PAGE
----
Tearing open the package, I came upon its contents: a jar full of dirt. Because I’d never had the chance to scatter my mother’s ashes, I’d requested that my father send me some of the earth over which he’d spread them some 26 years ago.

I sat for some time with that jar and those flowers. Then, slowly, I opened the bag and floated the flowers equally upon the slow-moving waters.

Watching them float in a swirl of color, another flood of memories came to me.

In one of those memories, I envisioned the same river before me: a man and a woman smiling within a kayak, their two children, splashing, squealing jubilantly upon their laps.

It was the last memory I’d had of my family intact.

Then my mind stretched back further. Back to a memory that may well have been my first.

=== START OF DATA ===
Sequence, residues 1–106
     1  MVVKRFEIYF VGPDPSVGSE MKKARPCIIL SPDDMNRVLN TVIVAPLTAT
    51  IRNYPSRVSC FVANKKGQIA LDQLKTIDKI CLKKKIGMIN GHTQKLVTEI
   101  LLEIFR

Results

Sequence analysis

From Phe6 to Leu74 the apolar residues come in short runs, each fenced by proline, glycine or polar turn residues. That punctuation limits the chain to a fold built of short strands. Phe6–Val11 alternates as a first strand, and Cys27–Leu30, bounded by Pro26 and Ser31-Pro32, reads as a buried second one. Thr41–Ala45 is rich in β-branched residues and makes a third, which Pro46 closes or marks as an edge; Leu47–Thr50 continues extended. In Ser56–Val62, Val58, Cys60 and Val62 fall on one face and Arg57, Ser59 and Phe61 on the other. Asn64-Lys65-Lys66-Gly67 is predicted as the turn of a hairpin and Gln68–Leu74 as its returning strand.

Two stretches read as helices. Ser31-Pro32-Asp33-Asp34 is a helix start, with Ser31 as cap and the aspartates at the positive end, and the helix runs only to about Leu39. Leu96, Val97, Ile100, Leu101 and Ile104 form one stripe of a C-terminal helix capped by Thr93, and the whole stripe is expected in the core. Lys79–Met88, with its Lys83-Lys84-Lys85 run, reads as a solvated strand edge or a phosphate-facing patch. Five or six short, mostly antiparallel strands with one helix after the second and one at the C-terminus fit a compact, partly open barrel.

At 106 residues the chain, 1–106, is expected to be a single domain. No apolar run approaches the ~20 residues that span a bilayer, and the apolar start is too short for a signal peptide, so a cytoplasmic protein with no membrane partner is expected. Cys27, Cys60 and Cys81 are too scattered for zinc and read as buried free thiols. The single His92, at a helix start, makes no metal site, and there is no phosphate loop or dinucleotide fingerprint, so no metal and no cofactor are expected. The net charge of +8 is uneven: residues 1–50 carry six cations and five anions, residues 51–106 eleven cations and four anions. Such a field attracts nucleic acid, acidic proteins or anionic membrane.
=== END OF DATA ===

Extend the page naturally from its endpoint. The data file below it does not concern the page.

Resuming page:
In that memory I was little more than an infant: naked, wriggling in my mother’s arms.

Holding my tiny body ever so cautiously, I recalled how she’d slowly, gently, lovingly, introduced me to the water.

Now that task had come full circle.

Taking one last moment to peer out over those moving waters, I opened the jar.

As tears began to flow, my lips moved in a whisper.

“Well, Mom, I finally did it. I cycled around the world.

“I know your eyes were not able to see that same world, but I hoped to make you proud knowing that my eyes did.

“The truth was that I was a boy when you left, and not quite ready for your departure.

“Now that I am a man, it is time for me to say good-bye.”

With that, I cast the earth from the jar, with a sweeping arch, its powdery remnants drifting toward the sky.

When I was done, I stripped my clothes, then slipped beneath a glimmer of emerald water.